According to studies by PitchBook, there have only been 26 venture capital-backed IPOs in Europe, as compared to 70 in the US and 92 in China. It seems like European companies like TransferWire and Klarna would be offering shares in the public market soon. Though several tech companies have flourished in the past years, several startups in Europe have failed in the later stages of growth.
For the stock market in the US and China, several big tech names like Plantir and Ant Group have had a good debut year. However, Europe falls behind and has not seen many tech IPOs this year. A couple of years ago, big European names like Spotify, the music streaming company, and Adyen, the payments processor went public.
Tech IPOs in Europe have fetched a total value of just $6.7 billion year-to-date compared to $72.8 billion in China and $118.19 billion in the U.S. The U.K. e-commerce group The Hut Group, which debuted last month has been received well by investors, having received about $1.2 billion on the day of inception. However, an early backer of the company, Balderton Group admits that it has been a quiet year for European tech IPOs.
In an interview with CNBC, Suranga Chandratillake, a general partner at Balderton says, “There’s no doubt that European tech IPOs are behind the U.S. and Asia, that’s always been the way. We’ve seen a few good ones this year. I think there could well be more to come.”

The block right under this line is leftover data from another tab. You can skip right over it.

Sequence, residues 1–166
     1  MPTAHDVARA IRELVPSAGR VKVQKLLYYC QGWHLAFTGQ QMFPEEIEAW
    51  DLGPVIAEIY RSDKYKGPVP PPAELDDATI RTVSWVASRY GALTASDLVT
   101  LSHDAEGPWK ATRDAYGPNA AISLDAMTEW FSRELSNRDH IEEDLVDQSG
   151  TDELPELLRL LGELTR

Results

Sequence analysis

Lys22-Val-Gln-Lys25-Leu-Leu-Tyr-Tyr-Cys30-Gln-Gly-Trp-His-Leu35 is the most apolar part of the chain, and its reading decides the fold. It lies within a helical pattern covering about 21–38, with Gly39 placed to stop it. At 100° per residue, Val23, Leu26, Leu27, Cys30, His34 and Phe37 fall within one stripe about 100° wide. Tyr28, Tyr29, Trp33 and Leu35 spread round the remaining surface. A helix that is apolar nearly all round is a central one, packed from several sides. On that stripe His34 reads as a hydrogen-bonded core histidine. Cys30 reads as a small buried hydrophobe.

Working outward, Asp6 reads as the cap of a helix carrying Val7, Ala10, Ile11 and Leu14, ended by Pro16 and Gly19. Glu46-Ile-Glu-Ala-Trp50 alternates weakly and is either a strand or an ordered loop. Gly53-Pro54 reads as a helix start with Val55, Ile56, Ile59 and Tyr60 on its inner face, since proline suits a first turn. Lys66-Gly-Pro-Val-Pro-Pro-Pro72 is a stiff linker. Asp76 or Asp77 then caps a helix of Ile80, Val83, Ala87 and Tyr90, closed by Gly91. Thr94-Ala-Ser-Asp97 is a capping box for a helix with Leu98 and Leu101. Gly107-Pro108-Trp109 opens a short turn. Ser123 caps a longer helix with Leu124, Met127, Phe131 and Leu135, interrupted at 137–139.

Chandratillake has expressed her frustration over the lack of emerging European tech companies. There have been a few impressive flotations in the past, but nowadays, many choose to go public in the US, rather than in Europe. More firms are turning to New York, rather than London, Frankfurt, or Amsterdam.
Why is Europe far behind the U.S and China?
Research done by McKinsey has suggested that there may be underlying issues causing this disparity in the market. Analyzing the data from PitchBook, Europe has produced over a third of the world’s start-ups in the last decade but made up only 14% of the so-called “unicorn” companies with a valuation of $1 billion or more.
This brings forth the scalability problem – although the tech industry in Europe has developed a lot over the year, some start-ups cannot scale the later stages of growth and give in to obstacles in the form of financials and talent acquisition. According to McKinsey, European start-ups raised just 8% and 13% of the respective “Series D” and “Series E” late-stage capital captured by their U.S. counterparts.
Many European start-up founders object to the region’s rules regarding employee stock options, which allows staff to own shares in their own company. These laws are fragmented and less favorable as compared to the United States. McKinsey’s wrote, “These issues can make European start-ups more inclined to limit risk when pursuing exit strategies, including by spending too little on expansion.”